Sign in to follow this  
JoseG

First Wave of Deferred Action for Childhood Arrivals Applications Approved

Recommended Posts

A month after Obama announced his deferred action proposal, his administration said it has approved 29 applications of undocumented immigrants who applied. Another 1,600 applications are awaiting final review.

The applicants are hoping to avoid deportation and get a work permit under Obama’s administration's Deferred Action for Childhood Arrivals program.

Department of Homeland Security Spokesman Peter Boogaard said that as of Friday, U.S. Immigration and Citizenship Services had received about 82,000 applications from undocumented immigrants hoping to qualify for the program.

The first immigrants to win the reprieve were notified this week. They will be allowed to stay in the United States for up to two years and be given permission to work; applications can be renewed every two years.

USCIS started accepting applications for the program on Aug. 15. The first approvals came well ahead of the department's own internal estimates that it could take four to six months for an application, including fingerprints and a background check, to be fully reviewed.

Republican lawmakers have decried Obama's policy, saying it is tantamount to "backdoor amnesty" for as many as 1.7 million undocumented immigrants.

Sen. Jeff Sessions, R-Ala., earlier this week questioned the timing of the first wave of approvals.

"The speed at which the deferrals are being granted continues to raise severe concerns about fraud and the administration's ability to verify items like age of entry, educational status and even current age," Sessions said.

President Barack Obama and DHS Secretary Janet Napolitano announced the program in June. To be eligible, applicants have to prove that they arrived in the United States before they turned 16, are 30 years old or younger, be high school graduates or in school, or have served in the military. They also cannot have a serious criminal record or otherwise pose a threat to public safety or national security.

The program closely tracks with the failed DREAM Act, a bill would have provided a path to legal status for many young illegal immigrants. The new policy does not provide legal status for the immigrants, but does protect them from deportation for two years.

Read more: http://latino.foxnews.com/latino/politics/2012/09/14/first-wave-deferred-deportation-applications-approved/#ixzz26YMML7EN

Share this post


Link to post
Share on other sites

Only 29 approved so far? :wacko: Even though the process is going faster than expected, that seems like a low number considering how many applied.

They haven't released why they are rejecting certain applicants yet.

Share this post


Link to post
Share on other sites

Hopefully people are getting their applications back if they messed up on them instead of getting denied right away.

I'm starting to think they aren't as bad as people make them look, they give the opportunity to fix certain things.. the hard part is fixing your history in the background check. The minimum red flag and they might looks at you as offensive.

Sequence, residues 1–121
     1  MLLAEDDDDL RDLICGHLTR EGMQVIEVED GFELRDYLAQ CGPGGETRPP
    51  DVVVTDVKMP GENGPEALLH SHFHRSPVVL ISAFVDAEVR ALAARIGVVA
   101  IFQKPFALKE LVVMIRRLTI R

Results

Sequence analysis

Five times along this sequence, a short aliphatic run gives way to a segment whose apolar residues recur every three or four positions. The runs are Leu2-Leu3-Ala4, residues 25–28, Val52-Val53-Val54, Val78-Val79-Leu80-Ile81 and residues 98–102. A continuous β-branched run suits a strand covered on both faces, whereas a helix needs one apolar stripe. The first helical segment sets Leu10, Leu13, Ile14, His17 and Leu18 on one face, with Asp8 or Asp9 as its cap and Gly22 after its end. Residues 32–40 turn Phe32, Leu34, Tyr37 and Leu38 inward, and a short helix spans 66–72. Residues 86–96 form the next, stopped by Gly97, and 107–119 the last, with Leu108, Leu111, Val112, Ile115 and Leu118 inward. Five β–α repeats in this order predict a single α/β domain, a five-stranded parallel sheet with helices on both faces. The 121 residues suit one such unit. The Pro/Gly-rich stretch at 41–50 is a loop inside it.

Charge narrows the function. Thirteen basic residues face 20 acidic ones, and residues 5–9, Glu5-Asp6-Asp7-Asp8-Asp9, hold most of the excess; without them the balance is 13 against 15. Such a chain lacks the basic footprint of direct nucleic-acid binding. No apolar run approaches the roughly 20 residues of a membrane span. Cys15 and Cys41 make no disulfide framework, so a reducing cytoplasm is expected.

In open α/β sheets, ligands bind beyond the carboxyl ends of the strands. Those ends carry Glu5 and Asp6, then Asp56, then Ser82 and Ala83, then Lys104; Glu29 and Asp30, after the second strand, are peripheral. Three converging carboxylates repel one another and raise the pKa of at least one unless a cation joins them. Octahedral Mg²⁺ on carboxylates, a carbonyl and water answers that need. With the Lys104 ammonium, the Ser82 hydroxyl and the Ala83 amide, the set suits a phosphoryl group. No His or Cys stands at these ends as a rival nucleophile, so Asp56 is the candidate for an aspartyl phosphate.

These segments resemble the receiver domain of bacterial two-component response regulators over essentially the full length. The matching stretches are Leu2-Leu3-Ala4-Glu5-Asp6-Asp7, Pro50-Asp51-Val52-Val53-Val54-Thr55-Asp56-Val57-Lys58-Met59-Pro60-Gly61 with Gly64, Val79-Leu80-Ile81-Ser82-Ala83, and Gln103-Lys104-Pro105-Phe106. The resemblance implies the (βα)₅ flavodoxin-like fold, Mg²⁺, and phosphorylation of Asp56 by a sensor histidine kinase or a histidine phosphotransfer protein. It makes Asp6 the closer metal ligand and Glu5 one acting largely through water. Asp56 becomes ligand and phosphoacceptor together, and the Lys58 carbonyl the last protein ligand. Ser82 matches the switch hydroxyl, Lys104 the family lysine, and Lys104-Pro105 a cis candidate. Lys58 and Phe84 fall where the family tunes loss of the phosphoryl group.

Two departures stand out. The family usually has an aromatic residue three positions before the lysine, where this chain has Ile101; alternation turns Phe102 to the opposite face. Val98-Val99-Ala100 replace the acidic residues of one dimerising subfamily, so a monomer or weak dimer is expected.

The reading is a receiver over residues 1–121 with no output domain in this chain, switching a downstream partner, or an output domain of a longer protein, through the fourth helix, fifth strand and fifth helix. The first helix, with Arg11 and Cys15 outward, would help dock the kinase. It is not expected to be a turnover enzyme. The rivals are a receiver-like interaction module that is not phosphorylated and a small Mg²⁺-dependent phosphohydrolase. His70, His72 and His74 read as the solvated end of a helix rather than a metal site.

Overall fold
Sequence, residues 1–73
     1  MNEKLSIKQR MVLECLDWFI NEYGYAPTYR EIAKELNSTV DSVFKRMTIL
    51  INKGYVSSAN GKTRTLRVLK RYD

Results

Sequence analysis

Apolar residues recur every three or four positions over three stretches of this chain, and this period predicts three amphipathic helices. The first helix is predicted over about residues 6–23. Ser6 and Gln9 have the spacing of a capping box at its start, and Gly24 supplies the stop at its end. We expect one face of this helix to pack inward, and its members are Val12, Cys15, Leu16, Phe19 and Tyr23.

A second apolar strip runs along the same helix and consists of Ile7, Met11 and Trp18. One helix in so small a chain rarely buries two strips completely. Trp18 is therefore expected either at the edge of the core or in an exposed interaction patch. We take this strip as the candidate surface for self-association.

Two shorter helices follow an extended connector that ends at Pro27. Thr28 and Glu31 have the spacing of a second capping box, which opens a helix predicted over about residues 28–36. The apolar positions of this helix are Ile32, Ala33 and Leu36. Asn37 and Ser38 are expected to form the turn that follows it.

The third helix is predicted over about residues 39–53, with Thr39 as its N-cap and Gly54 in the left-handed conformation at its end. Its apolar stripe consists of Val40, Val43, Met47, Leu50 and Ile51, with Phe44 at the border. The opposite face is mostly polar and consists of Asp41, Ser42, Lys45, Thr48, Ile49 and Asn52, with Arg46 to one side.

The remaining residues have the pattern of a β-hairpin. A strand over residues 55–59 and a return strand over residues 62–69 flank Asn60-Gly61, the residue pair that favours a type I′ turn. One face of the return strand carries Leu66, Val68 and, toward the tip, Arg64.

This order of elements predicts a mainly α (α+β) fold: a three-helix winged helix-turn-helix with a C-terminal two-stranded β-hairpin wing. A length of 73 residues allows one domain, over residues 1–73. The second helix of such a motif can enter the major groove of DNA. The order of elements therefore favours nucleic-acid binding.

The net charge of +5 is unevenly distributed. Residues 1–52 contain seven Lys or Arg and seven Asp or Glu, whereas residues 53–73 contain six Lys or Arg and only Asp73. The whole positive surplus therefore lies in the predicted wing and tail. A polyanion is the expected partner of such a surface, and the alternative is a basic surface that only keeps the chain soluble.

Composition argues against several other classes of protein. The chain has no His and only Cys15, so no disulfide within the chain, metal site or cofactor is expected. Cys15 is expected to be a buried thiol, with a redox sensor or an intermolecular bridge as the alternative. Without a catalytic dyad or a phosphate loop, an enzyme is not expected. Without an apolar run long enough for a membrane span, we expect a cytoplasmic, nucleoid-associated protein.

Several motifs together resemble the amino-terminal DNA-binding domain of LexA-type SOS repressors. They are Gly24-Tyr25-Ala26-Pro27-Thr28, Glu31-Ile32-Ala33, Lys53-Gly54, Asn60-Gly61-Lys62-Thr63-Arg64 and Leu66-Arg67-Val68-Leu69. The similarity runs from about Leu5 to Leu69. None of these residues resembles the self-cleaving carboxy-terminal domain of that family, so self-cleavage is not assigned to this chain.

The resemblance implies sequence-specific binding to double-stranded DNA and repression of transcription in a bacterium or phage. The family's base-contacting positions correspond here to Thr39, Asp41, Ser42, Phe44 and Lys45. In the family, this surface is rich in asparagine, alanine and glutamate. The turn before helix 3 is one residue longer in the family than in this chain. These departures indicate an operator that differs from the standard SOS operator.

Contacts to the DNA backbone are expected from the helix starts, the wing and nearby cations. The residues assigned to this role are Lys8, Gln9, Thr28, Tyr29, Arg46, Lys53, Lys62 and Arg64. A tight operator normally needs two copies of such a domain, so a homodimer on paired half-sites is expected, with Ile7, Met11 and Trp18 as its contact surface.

Share this post


Link to post
Share on other sites
Oh ok! But even then... I don't understand how only 29 applicants have been approved out of 80,000?

I'm sure more and more people have been getting aproved. Because 29 only seems so small.

Share this post


Link to post
Share on other sites

I honestly think this process can go by faster, if you send in your applications filled out correctly, fees, and supporting documents and background checks come clear, they should be approved immediately...

Share this post


Link to post
Share on other sites

I think now the processing time will extend because more and more people will send applications. Who ever is in the first line is lucky. Imagine if now another 300 000 - 500 000 people send applications?

Share this post


Link to post
Share on other sites

that might happen depending on how the election turns out. if obama loses (and i dont think he will) everything who hasnt filed yet will so do then. which means the wait times might be longer. :(

Share this post


Link to post
Share on other sites

that might happen depending on how the election turns out. if obama loses (and i dont think he will) everything who hasnt filed yet will so do then. which means the wait times might be longer. :(

Yup.

It's better to get this done ASAP before USCIS is pressed into being more thorough and stricter about the whole process.

This was said after USCIS released that 29 DACA applicants had been approved in the first month.

Sen. Jeff Sessions, R-Ala., earlier this week questioned the timing of the first wave of approvals.

"The speed at which the deferrals are being granted continues to raise severe concerns about fraud and the administration's ability to verify items like age of entry, educational status and even current age," Sessions said

Share this post


Link to post
Share on other sites

Create an account or sign in to comment

You need to be a member in order to leave a comment

Create an account

Sign up for a new account in our community. It's easy!

Register a new account

Sign in

Already have an account? Sign in here.

Sign In Now
Sign in to follow this